Content marketing: Telling Meaningful Stories

How many brands get human to human marketing wrong and how to fix it


Business to Business. Business to Consumer. Those are the traditional terms. Human to Human (coined by Bryan Kramer) or Person to Person (first heard from Facebook expert Mari Smith) is the way we should be marketing.

Be human. I joke that I teach people to behave like humans again. On social media. Their websites. Anywhere, really.

But being human actually is hard because we try to fit things into some existing buckets of expectation.

  • Marketing copy reads like this.
  • This is what we are expected to say.
  • etc.

When executives ask what my B2B experience is, I answer that I’ve spent more time working on my H2H experience. Some understand it. Some try to stay on the more traditional B2C track. Of course, I’m not judging them here, and it might even work for them. There are few absolutes in authentic storytelling content marketing.

Personally, I’ve seen success to behave like a human and treat readers, customers and partners as other humans.

So I started to wonder: Why do many brands get human to human marketing wrong? What’s the struggle?

The answer comes down to this from my experience and observation:

For some brands to actually appear human, they have to have humans attached to them. Let’s take this blog – The Authentic Storytelling Project – as an example. The blog brand in itself isn’t human because it’s not a person, though, all articles on here are from me. It’s essentially my blog. I don’t accept guest posts. It’s just me.

But The Authentic Storytelling Project is also its own brand to a degree. Somebody commented that all posts on here are from me. So isn’t it really just Christoph’s Blog? Yes, it kind of is, and I actually used to have a blog that was called Christoph’s Blog before. But that seemed kind of lame after a while, and I liked The Authentic Storytelling Project name. So that’s now the name of my blog.

But think about how some brands might run this type of blog. The options look like this:

  • All posts are written under the brand banner. No personal bylines.
  • Personal, first-person blog posts from the experts.
  • Third-person writing.

The first and third options set brands up to not be as human as they could be. When we write under a brand banner, especially when the Brand Police officers tell us that the brand needs to sound more formal than most people would sound, that’s how that content ends up looking. Formal, distant, etc.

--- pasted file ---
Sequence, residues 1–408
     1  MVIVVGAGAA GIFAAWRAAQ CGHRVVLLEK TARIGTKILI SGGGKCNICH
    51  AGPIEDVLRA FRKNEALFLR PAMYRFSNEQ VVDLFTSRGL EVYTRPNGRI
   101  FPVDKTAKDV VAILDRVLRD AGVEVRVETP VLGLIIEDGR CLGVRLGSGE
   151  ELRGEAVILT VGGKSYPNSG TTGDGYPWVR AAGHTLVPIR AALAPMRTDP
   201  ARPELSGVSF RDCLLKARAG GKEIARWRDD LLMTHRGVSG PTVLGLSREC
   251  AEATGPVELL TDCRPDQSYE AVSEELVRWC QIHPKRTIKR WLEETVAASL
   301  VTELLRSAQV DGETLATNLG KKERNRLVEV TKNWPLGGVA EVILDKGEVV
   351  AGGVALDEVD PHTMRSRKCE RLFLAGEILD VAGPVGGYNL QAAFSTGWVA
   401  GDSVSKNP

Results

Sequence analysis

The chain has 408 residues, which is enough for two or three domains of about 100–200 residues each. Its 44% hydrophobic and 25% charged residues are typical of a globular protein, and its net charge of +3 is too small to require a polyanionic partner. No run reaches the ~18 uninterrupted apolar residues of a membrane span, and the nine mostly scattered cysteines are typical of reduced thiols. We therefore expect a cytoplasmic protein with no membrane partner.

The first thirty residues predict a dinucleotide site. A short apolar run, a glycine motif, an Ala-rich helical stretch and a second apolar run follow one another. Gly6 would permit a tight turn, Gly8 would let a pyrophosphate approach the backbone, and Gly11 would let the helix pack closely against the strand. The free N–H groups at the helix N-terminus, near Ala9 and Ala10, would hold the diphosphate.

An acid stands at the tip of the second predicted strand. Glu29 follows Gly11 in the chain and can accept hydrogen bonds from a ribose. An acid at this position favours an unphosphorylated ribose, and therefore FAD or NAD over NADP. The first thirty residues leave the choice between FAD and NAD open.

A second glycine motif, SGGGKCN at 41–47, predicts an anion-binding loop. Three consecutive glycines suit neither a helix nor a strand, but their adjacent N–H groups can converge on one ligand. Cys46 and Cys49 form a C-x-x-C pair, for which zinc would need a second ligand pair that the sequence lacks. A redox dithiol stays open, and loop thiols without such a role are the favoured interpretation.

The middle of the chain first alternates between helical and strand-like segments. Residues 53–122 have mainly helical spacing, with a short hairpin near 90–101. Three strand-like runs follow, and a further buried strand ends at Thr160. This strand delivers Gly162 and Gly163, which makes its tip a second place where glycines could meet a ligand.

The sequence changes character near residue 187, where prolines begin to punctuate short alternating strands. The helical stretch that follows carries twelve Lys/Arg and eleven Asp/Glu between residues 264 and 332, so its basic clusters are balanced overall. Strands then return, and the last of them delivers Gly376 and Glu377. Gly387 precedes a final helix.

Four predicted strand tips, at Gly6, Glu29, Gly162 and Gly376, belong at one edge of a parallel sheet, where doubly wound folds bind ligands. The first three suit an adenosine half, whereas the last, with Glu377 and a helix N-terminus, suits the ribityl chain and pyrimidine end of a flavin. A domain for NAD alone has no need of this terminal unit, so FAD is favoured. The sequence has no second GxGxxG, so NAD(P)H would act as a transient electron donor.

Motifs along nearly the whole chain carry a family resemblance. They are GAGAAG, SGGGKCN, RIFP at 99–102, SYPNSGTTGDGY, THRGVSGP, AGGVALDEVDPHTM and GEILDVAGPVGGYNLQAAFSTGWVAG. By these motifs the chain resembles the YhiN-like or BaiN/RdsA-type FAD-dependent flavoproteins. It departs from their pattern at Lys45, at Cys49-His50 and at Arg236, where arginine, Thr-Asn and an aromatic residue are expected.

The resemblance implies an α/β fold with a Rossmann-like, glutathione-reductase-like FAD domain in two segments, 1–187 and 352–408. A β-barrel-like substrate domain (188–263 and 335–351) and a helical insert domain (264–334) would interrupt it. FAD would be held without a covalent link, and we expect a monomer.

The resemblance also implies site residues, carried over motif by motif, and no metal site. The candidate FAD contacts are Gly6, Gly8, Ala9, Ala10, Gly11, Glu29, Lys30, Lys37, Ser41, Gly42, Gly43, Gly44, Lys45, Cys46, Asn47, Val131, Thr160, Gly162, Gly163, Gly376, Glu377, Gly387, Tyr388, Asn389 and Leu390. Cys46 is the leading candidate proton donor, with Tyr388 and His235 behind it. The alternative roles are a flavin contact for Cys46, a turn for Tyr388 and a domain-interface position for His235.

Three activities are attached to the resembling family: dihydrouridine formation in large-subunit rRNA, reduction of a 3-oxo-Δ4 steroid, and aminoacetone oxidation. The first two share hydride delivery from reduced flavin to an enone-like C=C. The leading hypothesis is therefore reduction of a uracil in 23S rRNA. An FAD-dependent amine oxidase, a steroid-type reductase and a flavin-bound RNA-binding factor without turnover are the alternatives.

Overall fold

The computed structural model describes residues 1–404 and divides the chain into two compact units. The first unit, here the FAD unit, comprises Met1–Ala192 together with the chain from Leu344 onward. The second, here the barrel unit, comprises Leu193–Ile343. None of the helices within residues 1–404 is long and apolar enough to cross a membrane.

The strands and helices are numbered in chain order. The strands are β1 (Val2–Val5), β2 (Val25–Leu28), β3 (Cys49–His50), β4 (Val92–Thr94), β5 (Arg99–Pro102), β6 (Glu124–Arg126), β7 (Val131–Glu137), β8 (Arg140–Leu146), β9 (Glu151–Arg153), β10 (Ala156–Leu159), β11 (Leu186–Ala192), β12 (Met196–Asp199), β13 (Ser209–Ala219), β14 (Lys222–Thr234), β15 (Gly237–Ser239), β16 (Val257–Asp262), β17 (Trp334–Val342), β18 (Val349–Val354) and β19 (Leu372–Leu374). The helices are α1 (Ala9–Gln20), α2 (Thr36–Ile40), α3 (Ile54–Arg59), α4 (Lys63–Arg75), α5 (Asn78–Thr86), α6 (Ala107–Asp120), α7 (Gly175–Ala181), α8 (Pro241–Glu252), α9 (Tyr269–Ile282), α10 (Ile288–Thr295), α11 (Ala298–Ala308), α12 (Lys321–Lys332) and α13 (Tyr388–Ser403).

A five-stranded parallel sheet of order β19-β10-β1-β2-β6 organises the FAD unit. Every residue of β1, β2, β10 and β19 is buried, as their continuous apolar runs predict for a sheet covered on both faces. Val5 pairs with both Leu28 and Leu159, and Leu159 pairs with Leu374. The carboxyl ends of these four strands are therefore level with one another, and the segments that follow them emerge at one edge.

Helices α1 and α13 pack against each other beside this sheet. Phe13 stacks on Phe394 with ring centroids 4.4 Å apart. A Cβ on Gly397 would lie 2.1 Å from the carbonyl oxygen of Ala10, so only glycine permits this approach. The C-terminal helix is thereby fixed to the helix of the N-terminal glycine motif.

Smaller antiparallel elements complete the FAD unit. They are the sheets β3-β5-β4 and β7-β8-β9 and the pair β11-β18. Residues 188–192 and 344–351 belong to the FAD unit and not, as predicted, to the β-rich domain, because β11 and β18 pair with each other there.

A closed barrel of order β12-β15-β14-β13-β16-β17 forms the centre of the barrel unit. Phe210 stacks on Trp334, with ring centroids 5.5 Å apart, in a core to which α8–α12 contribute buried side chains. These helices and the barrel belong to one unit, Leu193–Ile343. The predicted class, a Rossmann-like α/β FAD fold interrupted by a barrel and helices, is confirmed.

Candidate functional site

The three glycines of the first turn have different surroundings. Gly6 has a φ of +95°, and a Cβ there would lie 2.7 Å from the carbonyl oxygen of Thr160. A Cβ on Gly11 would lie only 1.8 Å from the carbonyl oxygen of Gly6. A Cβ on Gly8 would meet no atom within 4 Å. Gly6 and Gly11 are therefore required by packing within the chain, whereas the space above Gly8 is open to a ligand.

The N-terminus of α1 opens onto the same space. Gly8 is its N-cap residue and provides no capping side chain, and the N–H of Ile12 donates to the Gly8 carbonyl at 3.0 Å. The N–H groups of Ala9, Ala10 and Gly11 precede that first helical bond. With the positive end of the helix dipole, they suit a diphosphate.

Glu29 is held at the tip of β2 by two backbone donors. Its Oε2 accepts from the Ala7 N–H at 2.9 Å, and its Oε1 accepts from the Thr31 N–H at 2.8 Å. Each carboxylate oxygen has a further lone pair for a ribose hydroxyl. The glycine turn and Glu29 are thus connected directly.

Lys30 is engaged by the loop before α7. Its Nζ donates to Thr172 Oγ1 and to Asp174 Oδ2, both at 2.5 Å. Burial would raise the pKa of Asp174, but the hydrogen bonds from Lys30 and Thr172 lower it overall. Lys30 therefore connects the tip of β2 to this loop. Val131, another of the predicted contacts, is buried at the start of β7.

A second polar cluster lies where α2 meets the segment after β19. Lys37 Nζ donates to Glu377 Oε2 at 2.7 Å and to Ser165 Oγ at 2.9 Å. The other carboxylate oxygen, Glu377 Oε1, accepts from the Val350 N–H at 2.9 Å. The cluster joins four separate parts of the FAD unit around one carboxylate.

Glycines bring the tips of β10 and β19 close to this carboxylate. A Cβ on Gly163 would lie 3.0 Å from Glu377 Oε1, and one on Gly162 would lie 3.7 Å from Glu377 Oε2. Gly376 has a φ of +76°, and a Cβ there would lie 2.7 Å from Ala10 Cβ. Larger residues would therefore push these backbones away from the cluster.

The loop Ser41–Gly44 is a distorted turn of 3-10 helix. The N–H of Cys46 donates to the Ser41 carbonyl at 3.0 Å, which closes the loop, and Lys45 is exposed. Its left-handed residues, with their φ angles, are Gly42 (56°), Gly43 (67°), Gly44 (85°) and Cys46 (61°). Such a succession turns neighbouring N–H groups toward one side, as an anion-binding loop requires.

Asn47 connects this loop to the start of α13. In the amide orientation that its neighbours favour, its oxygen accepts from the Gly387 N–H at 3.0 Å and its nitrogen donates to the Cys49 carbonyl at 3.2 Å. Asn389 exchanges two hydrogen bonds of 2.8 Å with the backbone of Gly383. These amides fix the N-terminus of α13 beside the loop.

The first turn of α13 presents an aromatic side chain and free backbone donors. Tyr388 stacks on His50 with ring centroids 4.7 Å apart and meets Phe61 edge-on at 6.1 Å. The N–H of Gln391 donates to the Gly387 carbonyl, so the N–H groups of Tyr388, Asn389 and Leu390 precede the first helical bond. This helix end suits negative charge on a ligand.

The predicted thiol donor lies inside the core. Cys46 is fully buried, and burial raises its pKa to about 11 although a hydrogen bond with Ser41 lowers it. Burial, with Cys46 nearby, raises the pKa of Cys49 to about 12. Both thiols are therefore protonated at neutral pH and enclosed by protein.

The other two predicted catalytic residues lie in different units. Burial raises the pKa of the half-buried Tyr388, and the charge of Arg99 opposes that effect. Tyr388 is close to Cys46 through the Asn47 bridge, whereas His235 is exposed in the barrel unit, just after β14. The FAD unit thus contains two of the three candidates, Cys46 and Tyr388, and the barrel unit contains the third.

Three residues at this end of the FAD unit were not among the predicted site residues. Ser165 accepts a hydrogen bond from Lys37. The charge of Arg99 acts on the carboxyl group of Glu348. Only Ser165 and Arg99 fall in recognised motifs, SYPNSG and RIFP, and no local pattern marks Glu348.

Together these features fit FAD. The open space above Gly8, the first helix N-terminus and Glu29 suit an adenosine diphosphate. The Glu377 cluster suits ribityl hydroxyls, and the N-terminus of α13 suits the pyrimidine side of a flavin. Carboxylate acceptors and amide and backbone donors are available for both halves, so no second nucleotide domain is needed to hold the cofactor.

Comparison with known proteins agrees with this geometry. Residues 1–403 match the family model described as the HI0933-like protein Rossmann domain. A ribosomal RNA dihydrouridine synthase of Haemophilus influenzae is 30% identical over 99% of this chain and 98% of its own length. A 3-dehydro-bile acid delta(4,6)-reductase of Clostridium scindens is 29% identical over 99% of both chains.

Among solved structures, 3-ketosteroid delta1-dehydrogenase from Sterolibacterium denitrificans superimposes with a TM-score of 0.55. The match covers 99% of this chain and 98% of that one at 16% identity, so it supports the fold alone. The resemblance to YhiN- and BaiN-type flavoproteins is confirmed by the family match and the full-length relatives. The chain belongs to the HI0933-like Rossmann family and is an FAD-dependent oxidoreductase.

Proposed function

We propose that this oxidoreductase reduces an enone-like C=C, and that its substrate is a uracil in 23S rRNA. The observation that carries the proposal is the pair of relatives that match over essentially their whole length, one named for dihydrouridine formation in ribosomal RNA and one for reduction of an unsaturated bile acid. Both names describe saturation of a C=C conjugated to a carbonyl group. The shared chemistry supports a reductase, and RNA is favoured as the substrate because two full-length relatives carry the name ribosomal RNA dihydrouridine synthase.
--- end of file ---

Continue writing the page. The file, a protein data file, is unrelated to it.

In option No. 3, the third-person writing style, our writing also can seem distant. We always are telling somebody else’s story, and then we quote them. As a former newspaper journalist, I’ve written in this style for many years. Most websites and blogs should just avoid it.

First person is the way to go. For the most part, that means we need a person. Not a made up one. A real person.

And that’s where the sticking point often happens. People ask me: “Christoph, we get it, but what if the person we pick to be our public face leaves the organization?”

Some things come to mind:

  • Create the kind of culture that ensures they don’t leave.
  • If they do, find a new person.

Also, don’t put all your eggs into one basket. Have multiple people – your subject matter experts preferably – share their stories in their own voice.

If they aren’t writers, get them a ghostwriter. Team them up with an internal or external writer and maybe even a storytelling coach. Then show them how it’s working.

Usually, when done well, they’ll hear themselves that it’s working. People will tell them offline that they saw their stories online (or offline, as that may be applicable).

Many brands who are struggling with human to human marketing aren’t doing this yet, and their brand voice is too formal and doesn’t allow online managers to respond like humans would. They respond or post like a press release would. Not even journalists give news releases the time of the day.

How to get started? In a nutshell:

  • Make the decision that you want to do human to human marketing
  • Make a plan on how that will look. A short one, please!
  • Figure out who has the best storytelling skills.
  • Start implementing.
  • Refine constantly to see what’s working and what’s not working.
  • Sustain it. Make sure people have the resources and executive support to keep going.

Personally, I’m looking forward to a world where brands and humans behave in a way that is relatable and remembers that we are all people.

At some point, person to person marketing may not even be a differentiator anymore. The more people do it, the less unusual it becomes. But today, it can set us apart from the rest – the competition or whatever. And isn’t that the whole point of marketing: To stand out and connect with the people who want to work with us and buy our products?

Of course. Good luck, and here’s to all of us being personable and relevant together.


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Christoph

Christoph blogs on The Authentic Storytelling Project and is a globally recognized content marketing expert. The IMA named him Internet Marketer of the Year in 2015. He works with healthcare organizations and other brands around the globe.

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